Colorectal Health Talk Aims to Overcome Embarrassment, Improve Quality of Life

Dr. Ovleto Ciccarelli

Dr. Ovleto Ciccarelli

RANDOLPH -Gifford Medical Center general surgeon Dr. Ovleto Ciccarelli is working to bring colon and rectal health issues to the forefront in a Feb. 9 talk titled “Everyone’s Got One: A Discussion on the Colon and How to Keep it Healthy.”

Dr. Ciccarelli will lead the 5:30-7:30 p.m. talk in the Randolph hospital’s Conference Center, sharing the important role of the colon and common colorectal health issues.

“Everyone has these organs. Yet people are reluctant to talk about problems with their colon or their rectum. Men especially find it difficult to discuss these matters,” Dr. Ciccarelli says. “But this is one area of medicine where we can actually prevent disease, extend lives, and improve quality of life.”

The human body contains about seven feet of colon, or large intestine, which plays a vital role in helping the body complete the digestion process, retain water, and eliminate waste. Like any organ, it can be subject to disease.

Colorectal cancer is the third most frequently diagnosed cancer in both men and women in the United States and Vermont. One in 20 people will develop colorectal cancer in their lifetime. And each year, about 140,000 people nationally are diagnosed with the disease and about 50,000 die from it.

Colorectal cancer develops from polyps that grow – silently, unseen, and unfelt – on the inside wall of the colon. Many polyps will never become cancer, but some will over the years.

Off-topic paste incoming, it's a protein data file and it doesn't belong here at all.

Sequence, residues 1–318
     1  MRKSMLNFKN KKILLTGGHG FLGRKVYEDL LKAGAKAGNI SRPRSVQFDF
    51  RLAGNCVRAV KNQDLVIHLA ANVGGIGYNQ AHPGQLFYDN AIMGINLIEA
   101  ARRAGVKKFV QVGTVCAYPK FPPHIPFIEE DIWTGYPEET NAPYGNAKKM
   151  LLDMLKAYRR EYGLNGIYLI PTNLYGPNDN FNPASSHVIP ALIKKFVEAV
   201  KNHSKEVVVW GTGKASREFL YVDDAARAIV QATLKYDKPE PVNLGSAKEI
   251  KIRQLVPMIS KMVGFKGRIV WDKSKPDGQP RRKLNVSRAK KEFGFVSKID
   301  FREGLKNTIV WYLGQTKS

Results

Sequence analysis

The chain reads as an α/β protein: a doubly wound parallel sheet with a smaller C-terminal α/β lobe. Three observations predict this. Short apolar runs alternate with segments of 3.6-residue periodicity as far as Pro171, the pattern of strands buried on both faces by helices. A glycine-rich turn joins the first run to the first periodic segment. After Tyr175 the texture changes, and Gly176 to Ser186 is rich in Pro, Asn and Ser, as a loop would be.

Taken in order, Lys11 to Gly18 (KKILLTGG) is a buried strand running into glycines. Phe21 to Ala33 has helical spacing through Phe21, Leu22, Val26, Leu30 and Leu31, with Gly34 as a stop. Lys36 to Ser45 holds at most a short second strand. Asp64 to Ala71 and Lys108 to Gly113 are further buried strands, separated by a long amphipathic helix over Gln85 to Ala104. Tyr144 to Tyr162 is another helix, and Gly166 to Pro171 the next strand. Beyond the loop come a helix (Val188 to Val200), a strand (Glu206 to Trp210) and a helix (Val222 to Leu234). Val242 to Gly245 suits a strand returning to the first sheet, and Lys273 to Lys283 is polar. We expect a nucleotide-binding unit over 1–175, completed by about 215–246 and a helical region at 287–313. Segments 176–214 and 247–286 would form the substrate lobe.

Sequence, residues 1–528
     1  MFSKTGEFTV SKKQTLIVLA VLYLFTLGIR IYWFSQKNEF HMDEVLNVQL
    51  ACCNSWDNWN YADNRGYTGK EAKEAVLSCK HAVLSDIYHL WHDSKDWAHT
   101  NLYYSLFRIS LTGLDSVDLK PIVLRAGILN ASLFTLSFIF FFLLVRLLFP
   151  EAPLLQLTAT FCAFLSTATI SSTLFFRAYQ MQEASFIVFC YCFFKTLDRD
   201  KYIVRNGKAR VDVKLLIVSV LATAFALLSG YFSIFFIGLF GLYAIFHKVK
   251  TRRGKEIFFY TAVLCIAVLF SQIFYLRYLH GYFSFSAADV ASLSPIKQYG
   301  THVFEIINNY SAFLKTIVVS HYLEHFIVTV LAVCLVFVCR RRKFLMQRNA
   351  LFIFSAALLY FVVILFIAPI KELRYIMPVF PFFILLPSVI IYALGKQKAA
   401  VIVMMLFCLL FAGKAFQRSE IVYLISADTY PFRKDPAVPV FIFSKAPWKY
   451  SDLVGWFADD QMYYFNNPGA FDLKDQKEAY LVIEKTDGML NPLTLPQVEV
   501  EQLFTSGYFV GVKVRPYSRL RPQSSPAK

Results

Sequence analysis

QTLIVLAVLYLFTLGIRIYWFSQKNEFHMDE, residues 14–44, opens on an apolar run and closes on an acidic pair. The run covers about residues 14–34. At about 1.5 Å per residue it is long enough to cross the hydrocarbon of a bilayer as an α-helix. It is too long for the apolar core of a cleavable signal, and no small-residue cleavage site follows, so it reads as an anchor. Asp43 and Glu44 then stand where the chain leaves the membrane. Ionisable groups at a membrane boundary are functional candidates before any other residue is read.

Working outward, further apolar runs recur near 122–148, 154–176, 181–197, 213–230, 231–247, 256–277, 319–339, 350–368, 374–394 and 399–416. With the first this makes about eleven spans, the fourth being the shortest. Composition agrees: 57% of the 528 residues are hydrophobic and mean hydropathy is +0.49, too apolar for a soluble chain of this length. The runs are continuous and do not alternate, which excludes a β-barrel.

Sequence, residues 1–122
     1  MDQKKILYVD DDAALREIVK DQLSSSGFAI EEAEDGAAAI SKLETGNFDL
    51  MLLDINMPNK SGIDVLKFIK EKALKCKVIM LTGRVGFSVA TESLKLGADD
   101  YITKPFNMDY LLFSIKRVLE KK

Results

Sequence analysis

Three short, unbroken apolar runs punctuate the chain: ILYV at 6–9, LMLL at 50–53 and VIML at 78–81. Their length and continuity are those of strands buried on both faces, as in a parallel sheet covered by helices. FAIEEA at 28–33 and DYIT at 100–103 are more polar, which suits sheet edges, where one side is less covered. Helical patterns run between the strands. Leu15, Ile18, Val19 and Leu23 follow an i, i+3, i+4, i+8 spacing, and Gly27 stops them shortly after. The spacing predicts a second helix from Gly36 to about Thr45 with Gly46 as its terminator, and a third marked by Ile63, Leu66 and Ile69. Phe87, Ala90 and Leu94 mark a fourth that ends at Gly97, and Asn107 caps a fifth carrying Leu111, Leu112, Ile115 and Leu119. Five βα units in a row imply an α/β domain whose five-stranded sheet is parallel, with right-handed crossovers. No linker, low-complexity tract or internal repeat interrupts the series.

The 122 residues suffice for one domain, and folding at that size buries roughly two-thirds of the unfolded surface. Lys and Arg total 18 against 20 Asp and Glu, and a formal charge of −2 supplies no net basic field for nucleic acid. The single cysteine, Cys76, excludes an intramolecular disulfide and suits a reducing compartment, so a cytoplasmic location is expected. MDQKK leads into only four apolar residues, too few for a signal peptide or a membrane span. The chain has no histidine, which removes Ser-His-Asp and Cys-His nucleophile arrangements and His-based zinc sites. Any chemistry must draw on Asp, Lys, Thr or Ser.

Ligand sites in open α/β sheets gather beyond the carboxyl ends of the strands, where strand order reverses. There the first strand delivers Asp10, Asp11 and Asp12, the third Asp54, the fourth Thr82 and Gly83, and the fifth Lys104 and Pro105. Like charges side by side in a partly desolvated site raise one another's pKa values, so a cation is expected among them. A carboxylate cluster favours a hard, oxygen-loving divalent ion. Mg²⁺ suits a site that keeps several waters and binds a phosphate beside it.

Yet, a colonoscopy can both detect and prevent colorectal cancer. This is because during a colonoscopy, these polyps are removed in their precancerous state or before disease can be felt, preventing the onset or the spread of the disease. And when found early, colorectal cancer is highly curable.

Without colonoscopies, it is not until polyps become cancerous, grow large and block the colon, or break through the colon wall that colon cancer symptoms are evident.

Cancer, however, is just one disease that can affect the large bowel. Dr. Ciccarelli will discuss diverticulosis and its complications, along with routine anorectal topics, such as anal fissures and hemorrhoids.

“The colon and rectum can cause numerous problems that may drastically affect one’s quality of life. We want to eliminate the shame, fear, embarrassment, and misunderstanding of talking to your health care provider about colorectal health concerns,” notes Dr. Ciccarelli.

“At some point in their lives, most people experience some sort of problem with their colon or rectum. It’s not something people freely speak about,” agrees Gifford Vice President of Surgery Rebecca O’Berry. “We’re hoping community members can put aside any reservations they may have and come out to learn how they can feel better and live longer.”

The talk aims to reduce embarrassment by sharing a real patient story. After years as a surgeon, Dr. Ciccarelli also ensures he’ll infuse plenty of humor into the discussion, which includes a question and answer period at the end.

The event is free and open to the public. Register by calling Amanda at (802) 728-2238.

Gifford is located at 44 S. Main St. (Route 12 south of the village) in Randolph. The Conference Center is on the first floor of the hospital and marked by a green awning. Learn more online at www.giffordmed.org.